# Permutation

## What is factorial?

The product of first ‘n’ natural numbers is denoted by $n!$.
$n! = n(n-1) (n-2) ......3.2.1$
Example
$5! = 5 \times 4 \times 3 \times 2 \times 1 =120$
Note $0! =1$
Proof
$n! =n \times (n-1)!$
or $(n-1)! = \frac {n!} {n}$
Putting n = 1, we have
$0! = \frac {1!}{1}$
or $0! = 1$
Example
$(n+2)!=2550 \times n!$
Solution
$(n+2)!=2550 \times n!$
$(n+2)(n+1)n!=2550 \times n!$
Canceling n!
$(n+2)(n+1)=2550$
$n=49$

## Fundamental Principle of counting

: If an job can be performed in ‘n’ ways, & another job can be performed in ‘m’ ways then either of the two jobs can be performed in (m+n) ways. This rule can be extended to any finite number of jobs.

Example
In a class 12 , 20 students are from Maths streams  while 30 students are from Biology stream.
Teacher has to choose 1 student either from Maths stream or Biology stream to represent the class
What ways the selection can be made?
Solution:
20 students are from Maths:
Students can be chosen from Maths  stream in 20 ways
30 students are from Biology stream
Students can be chosen from Biology  stream in 30 ways
So by the Fundamental Principle of  addition rule, the selection of 1 student from either of two streams can be done (20+30)=50 ways

### Multiplication Rule

: If a work can be done in m ways, another work can be done in ‘n’ ways, then both of the operations can be performed in $m \times n$ ways. It can be extended to any finite number of operations
Example:
In a class 12 , 20 students are from Maths streams  while 30 students are from Biology stream.
Teacher has to choose 2 student one from  Maths stream  and one from  Biology stream to represent the class in Quiz competition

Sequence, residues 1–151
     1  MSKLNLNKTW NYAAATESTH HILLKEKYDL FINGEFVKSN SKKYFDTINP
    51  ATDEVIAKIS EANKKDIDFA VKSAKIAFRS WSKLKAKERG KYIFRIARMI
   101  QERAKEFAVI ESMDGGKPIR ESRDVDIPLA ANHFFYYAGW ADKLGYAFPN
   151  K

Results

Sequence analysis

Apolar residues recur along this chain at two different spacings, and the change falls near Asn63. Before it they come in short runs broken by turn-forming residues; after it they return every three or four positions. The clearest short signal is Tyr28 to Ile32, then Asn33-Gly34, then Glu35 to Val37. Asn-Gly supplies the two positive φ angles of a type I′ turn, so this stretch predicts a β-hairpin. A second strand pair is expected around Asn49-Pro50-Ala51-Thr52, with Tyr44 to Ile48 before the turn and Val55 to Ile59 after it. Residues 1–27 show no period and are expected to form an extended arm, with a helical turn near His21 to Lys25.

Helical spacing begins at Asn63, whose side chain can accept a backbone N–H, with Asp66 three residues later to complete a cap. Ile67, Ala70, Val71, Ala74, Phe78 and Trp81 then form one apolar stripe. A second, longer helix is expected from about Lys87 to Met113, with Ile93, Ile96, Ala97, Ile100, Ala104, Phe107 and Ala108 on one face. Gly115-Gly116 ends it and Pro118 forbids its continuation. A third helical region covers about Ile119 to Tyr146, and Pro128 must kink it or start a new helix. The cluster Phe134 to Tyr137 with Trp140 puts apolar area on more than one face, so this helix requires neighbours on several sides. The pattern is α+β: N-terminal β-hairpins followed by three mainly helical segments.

What ways the selection can be made?
Solution:
20 students are from Maths:
1 Students can be chosen from Maths  stream in 20 ways
30 students are from Biology stream
1Students can be chosen from Biology  stream in 30 ways
So by the Fundamental Principle of  Multiplication rule, the selection of 1 student from Maths  streams  and 1 students from Biology stream  can be done $(20 \times 30)=600$ ways

## Permutation

Permutation means arrangement of things. The word arrangement is used, if the order of things is considered

### Theorem 1

Number of permutations of ‘n’ different things taken ‘r’ at a time is given by:-
$^{n}P_r=\frac { n!}{ (n-r)!}$
Proof:
Say we have ‘n’ different things $a_1 , a_2, ... , a_n$
1. Clearly the first place can be filled up in ‘n’ ways. Number of things left after filling-up the first place = $n-1$
2. So the second-place can be filled-up in $(n-1)$ ways. Now number of things left after filling-up the first and second places = $n - 2$